The release of this report represents one of the 2 pieces of work completed by FWS before winding things down.
The following is a report we prepared in relation to a specific question being asked relating to the Financial Statements and submissions used by Rangers as part of their UEFA License application for the 2011/12 season. It is an extremely long and technical read. It unfortunately wasn’t written with the everyday fan in mind.
We understand this report was presented to the Celtic Board. The Celtic Board provided it to the Scottish Football Association. The shareholders who requested it (to whom it was provided without charge) also sent it to the SFA. Certain media outlets also have received and presented it in part, though from whom we cannot say, having only ever provided it to the parties who requested it. To date no media, football club or governing body have contacted us regarding it or its contents.
Given this status we now feel it appropriate to release publicly the report which has been roundly ignored and sat upon without action or evident reflection.
Background to it
As an organisation we have a specific interest in football governance and ensuring that our sports governing body is fit for purpose. Examining potential failures relating to a process overseen by the SFA seemed a natural progression from our recent ‘Stigma’ series of articles (starting with Stigma in Scottish Football- Intro and Part 1: Too Big To Fail) that looked back over the events of this time period and what went wrong and could have been done better. It was the failure of the SFA to properly protect our football clubs from financial failure and systemic risk that led directly (via of course the financial stress of our clubs) to the circumstances of the 2011/12 UEFA licence and the takeover of Rangers by Craig Whyte. By the start of the 2011/12 season Scottish football was on the verge of a collapse that could have started a chain reaction of failures amongst our biggest clubs.
It is within that snapshot of time that a possible route to salvation and redemption of the governance failures of the past was possible. Ahead of Whyte’s takeover, Saffery Champness (an accounting firm) prepared a February 2011 draft report initially entitled ‘Project Charlotte’ that we viewed that explained this as follows:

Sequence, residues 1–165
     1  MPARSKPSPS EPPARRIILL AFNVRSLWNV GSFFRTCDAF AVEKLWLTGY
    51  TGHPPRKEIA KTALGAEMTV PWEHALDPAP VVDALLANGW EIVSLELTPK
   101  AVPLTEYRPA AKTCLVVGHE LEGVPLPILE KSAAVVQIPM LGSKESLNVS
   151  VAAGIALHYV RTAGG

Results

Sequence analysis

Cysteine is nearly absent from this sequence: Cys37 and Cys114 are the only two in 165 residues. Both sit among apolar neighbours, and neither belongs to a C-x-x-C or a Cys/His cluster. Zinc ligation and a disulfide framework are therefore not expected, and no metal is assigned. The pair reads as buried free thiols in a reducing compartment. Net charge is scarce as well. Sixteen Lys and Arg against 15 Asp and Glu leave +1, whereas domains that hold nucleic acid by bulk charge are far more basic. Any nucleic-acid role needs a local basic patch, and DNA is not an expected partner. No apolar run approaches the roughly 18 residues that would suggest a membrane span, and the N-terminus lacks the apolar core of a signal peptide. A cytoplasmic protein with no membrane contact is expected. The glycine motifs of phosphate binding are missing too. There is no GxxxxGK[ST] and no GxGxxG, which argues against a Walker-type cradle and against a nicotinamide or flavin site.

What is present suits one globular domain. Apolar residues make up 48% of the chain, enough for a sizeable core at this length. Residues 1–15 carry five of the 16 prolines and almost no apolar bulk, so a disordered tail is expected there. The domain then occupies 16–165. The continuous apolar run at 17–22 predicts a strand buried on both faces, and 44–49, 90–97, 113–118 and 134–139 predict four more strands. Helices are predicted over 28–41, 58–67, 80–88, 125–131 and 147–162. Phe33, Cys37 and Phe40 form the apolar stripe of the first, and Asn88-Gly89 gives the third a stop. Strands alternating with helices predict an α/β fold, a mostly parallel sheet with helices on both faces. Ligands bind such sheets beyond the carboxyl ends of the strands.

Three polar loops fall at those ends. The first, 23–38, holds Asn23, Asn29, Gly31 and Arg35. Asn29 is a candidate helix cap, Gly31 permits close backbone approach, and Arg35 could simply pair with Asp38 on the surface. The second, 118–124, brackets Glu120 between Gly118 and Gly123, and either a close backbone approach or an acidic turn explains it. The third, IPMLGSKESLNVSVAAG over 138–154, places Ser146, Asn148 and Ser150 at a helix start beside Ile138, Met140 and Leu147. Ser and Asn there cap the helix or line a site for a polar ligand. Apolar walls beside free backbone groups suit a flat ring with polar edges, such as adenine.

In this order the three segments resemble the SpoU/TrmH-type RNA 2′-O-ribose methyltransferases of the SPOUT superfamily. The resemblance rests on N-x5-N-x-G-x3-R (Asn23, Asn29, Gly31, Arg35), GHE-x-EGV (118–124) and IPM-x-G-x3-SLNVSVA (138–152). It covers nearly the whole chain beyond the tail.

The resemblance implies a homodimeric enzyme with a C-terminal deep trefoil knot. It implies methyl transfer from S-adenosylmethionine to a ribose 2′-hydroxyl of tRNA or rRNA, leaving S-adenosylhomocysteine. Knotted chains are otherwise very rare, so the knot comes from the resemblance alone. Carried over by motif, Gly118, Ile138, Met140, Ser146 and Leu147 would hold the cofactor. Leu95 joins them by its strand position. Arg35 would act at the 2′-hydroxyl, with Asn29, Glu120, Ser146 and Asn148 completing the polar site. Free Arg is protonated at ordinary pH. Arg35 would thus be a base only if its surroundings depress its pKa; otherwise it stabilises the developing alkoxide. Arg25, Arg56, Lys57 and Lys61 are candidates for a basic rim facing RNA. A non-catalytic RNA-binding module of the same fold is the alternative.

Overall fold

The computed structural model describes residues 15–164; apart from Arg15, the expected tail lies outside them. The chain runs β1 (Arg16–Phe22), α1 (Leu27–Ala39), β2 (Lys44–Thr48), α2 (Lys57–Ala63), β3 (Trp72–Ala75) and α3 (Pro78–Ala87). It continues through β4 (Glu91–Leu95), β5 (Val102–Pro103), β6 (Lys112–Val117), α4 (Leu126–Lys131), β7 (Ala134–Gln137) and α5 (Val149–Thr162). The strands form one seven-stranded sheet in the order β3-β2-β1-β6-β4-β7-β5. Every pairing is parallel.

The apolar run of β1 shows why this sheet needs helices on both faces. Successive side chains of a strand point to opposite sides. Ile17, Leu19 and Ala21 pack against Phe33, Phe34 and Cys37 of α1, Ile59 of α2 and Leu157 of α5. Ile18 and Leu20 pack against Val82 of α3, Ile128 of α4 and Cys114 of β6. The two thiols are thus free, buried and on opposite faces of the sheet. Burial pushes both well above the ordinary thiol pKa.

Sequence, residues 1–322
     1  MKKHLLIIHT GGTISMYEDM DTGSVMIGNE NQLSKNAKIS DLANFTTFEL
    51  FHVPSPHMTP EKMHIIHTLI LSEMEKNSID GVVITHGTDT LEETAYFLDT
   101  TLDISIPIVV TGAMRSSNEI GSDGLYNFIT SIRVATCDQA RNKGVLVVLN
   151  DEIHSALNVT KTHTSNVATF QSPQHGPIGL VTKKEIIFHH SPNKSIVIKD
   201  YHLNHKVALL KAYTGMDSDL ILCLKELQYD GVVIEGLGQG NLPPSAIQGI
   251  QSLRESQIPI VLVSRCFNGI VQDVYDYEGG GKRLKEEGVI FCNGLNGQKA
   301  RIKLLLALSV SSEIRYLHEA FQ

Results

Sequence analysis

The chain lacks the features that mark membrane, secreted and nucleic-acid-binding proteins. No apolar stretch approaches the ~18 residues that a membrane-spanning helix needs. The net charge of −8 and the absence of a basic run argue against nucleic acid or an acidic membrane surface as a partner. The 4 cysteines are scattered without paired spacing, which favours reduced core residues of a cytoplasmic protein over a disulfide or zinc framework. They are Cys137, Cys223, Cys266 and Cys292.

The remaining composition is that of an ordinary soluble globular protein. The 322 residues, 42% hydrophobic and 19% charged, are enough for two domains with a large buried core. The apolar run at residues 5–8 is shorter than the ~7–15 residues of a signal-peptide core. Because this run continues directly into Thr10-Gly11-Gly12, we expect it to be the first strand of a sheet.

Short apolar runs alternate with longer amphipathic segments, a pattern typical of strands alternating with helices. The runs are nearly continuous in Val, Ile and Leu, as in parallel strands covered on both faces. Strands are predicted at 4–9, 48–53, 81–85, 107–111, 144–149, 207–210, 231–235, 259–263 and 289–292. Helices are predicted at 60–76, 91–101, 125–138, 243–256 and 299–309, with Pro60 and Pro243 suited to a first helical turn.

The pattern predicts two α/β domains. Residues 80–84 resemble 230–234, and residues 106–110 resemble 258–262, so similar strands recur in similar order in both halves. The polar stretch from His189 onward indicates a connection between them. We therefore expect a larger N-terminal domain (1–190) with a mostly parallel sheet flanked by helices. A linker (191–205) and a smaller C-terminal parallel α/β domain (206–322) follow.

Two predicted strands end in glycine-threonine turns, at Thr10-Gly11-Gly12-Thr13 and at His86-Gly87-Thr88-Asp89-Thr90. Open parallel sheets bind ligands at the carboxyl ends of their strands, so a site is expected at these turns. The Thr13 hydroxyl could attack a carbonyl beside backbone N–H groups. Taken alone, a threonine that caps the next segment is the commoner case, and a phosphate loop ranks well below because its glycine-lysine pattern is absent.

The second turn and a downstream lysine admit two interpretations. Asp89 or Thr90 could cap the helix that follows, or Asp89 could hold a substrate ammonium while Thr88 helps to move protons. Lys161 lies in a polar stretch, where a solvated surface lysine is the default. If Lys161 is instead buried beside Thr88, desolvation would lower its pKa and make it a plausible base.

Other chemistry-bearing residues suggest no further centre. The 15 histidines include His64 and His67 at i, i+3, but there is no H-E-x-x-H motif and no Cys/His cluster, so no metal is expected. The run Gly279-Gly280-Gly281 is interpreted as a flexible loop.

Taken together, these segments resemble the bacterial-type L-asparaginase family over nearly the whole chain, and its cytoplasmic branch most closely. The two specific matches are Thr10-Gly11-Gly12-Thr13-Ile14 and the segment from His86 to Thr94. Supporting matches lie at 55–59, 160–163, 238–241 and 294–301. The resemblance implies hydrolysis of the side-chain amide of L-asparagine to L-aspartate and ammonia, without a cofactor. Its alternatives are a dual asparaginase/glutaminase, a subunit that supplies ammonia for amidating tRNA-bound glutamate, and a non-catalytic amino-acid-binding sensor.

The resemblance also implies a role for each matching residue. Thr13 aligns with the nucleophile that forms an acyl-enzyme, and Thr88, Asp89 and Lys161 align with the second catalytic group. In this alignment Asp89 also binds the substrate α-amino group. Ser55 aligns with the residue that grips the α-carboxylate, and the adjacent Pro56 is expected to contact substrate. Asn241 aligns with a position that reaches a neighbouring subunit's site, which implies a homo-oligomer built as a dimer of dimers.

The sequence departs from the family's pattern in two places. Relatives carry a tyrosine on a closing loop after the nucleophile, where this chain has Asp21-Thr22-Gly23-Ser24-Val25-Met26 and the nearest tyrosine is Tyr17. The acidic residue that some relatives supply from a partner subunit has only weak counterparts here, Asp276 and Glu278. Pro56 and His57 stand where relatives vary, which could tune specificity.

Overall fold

Historically, the Club’s cost base has been set up such that profitability is only possible with UCL participation. With UCL participation, the Club made an operating profit in FY08 and FY10 of £641k and £5m respectively, however without UCL participation, the Club made an operating loss of £17m in FY09.
Were the Club not to have the benefit of revenues arising from UCL participation, we estimate that this would have resulted in operating losses of £14m in FY10.
Due to the fact that UCL participation is not guaranteed and that it will be even harder to achieve next season due to changes in Scotland’s UEFA coefficient ranking, we consider it prudent to run the business on the assumption of non participation in the UCL going forward.
The Club has been reducing its level of overhead costs over the 3 years to FY10, however these levels still appear to be too high to sustain the business at a breakeven level assuming no UCL participation.
The summary projections we have seen show that the Directors have a cost reduction plan in place, where first team player salaries are assumed to decrease to £15m (from an expected £17.8m for FY11) and overhead costs are to decrease by £1.5m from FY12 onwards. The cost reduction plan is intended to lead to the Club operating at breakeven, assuming a minimum of UEL participation.
It is a folly to suggest that the perilous financial state of the club was not already known. When Whyte got his hands on the keys to Ibrox it was to launch a gamble on European revenues that would either pay off in terms of repairing the short term cash deficits or sink it entirely – either way he’d get his reward for being the man willing to roll the dice and had no intention of investing his own money in. It beggars belief that the SFA did not appreciate the severity of the situation also in facilitating the takeover and licence decision. A refusal would condemn Rangers to immediate insolvency and SFA heads would roll for allowing things to get that bad, not to menton a potential backlash for the refusal itself. The large EBT case unknown liability would have been one ‘if’ too many for most investors on top of the above cut-backs. Realistically it would take £18m (Lloyds) + £3m (DOS) + £5m (working capital) = £26m to buy Rangers if done by the book, even then an owner would be uncompetitive and unpopular and it could potentially all be for naught if the Big Tax Case lands. And really it is ALL about the failures in governance that firstly allowed this to happen, then were involved again in the aftermath.
This situation had built up on the SFA’s watch and even after an estimated £100m between debt/equity swaps and group restructuring had been subsumed within the Murray Group. It was with the future of Rangers as a going concern on a knife-edge that the UEFA licence application was made by the old Rangers board, omitting any mention of going concern worries in doing so and – somewhat surprisingly given insolvency had been discussed by the directors – free of any sort of financial concerns mention by the auditors in their report. By the handover date to Craig Whyte in May 2011, the licence had already been granted.
By end of March when the licence was applied for, agreement had been reached between HMRC and Rangers that PAYE and NIC ought to have been levied on payments made in 2000-2003 to Tore Andre Flo and Ronald de Boer and the amounts due agreed. The payment terms were still being negotiated and there was the possibility of penalties still to be applied, but interest back-dated to the period it should have been settled was accruing. Dispute has raged on whether this constituted an ‘overdue payable’ in respect of the initial licence grant. It seems to be accepted that it certainly should have been raised in the monitoring period at least and the SFA ultimately did bring charges on that before finding their ability to do so trumped by a lack of jurisdiction.